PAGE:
Question Is a stepwise approach to identifying, delaying, and preventing diabetes in individuals with high risk in a low-income to middle-income country setting cost-effective? Findings In this economic evaluation study, conducted within a randomized clinical trial during a 3-year period, it would cost 145 international dollars to screen for and reduce diabetes incidence by 1 percentage point, 14 & x202f;539 international dollars per diabetes case prevented and/or delayed, and 14 & x202f;986 international dollars per quality-adjusted life-year gained. Meaning The findings of this study suggest that a stepwise approach for identification of high-risk individuals and diabetes prevention is likely cost-effective, even in a low-income to middle-income country setting.This economic evaluation estimates the cost-effectiveness of a stepwise approach to diabetes prevention among adults in India participating in the Diabetes Community Lifestyle Improvement Program.Importance A stepwise approach that includes screening and lifestyle modification followed by the addition of metformin for individuals with high risk of diabetes is recommended to delay progression to diabetes; however, there is scant evidence regarding whether this approach is cost-effective. Objective To estimate the cost-effectiveness of a stepwise approach in the Diabetes Community Lifestyle Improvement Program. Design, Setting, and Participants This economic evaluation study included 578 adults with impaired glucose tolerance, impaired fasting glucose, or both. Participants were enrolled in the Diabetes Community Lifestyle Improvement Program, a randomized clinical trial with 3-year follow-up conducted at a diabetes care and research center in Chennai, India. Interventions The intervention group underwent a 6-month lifestyle modification curriculum plus stepwise addition of metformin; the control group received standard lifestyle advice. Main Outcomes and Measures Cost, health benefits, and incremental cost-effectiveness ratios (ICERs) were estimated from multipayer (including direct medical costs) and societal (including direct medical and nonmedical costs) perspectives. Costs and ICERs were reported in 2019 Indian rupees (INR) and purchasing power parity-adjusted international dollars (INT $). Results The mean (SD) age of the 578 participants was 44.4 (9.3) years, and 364 (63.2%) were men. Mean (SD) body mass index was 27.9 (3.7), and the mean (SD) glycated hemoglobin level was 6.0% (0.5). Implementing lifestyle modification and metformin was associated with INR 10 & x202f;549 (95% CI, INR 10 & x202f;134-10 & x202f;964) (INT $803 [95% CI, INT $771-834]) higher direct costs; INR 5194 (95% CI, INR 3187-INR 7201) (INT $395; 95% CI, INT $65-147) higher direct nonmedical costs, an absolute diabetes risk reduction of 10.2% (95% CI, 1.9% to 18.5%), and an incremental gain of 0.099 (95% CI, 0.018 to 0.179) quality-adjusted life-years per participant. From a multipayer perspective (including screening costs), mean ICERs were INR 1912 (INT $145) per 1 percentage point diabetes risk reduction, INR 191 & x202f;090 (INT $14 & x202f;539) per diabetes case prevented and/or delayed, and INR 196 & x202f;960 (INT $14 & x202f;986) per quality-adjusted life-year gained. In the scenario of a 50% increase or decrease in screening and intervention costs, the mean ICERs varied from INR 855 (INT $65) to INR 2968 (INT $226) per 1 percentage point diabetes risk reduction, from INR 85 & x202f;495 (INT $6505) to INR 296 & x202f;681 (INT $22 & x202f;574) per diabetes case prevented, and from INR 88 & x202f;121 (INT $6705) to INR 305 & x202f;798 (INT $23 & x202f;267) per quality-adjusted life-year gained. Conclusions and Relevance The findings of this study suggest that a stepwise approach for diabetes prevention is likely to be cost-effective, even if screening costs for identifying high-risk individuals are added.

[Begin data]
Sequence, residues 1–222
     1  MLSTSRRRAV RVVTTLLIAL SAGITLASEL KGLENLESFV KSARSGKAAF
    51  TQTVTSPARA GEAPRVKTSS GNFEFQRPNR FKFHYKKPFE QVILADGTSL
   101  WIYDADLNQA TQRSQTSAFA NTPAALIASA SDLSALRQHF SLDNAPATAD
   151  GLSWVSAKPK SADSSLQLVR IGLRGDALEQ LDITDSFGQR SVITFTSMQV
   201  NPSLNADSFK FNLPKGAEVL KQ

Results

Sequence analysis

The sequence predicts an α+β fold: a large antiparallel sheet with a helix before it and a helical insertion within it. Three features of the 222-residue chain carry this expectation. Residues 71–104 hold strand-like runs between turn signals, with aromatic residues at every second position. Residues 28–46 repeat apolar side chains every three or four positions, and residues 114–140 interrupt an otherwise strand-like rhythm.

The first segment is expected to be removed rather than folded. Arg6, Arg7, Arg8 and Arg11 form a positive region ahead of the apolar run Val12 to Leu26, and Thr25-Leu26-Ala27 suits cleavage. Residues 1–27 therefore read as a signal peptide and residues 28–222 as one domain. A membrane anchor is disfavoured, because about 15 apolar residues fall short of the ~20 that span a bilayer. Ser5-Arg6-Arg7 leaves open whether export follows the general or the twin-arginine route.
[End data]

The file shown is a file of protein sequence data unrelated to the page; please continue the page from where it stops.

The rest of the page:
GrantsGlobal Health Institute at Emory University United States Department of Health & Human Services National Institutes of Health (NIH) - USA NIH National Institute of Diabetes & Digestive & Kidney Diseases (NIDDK)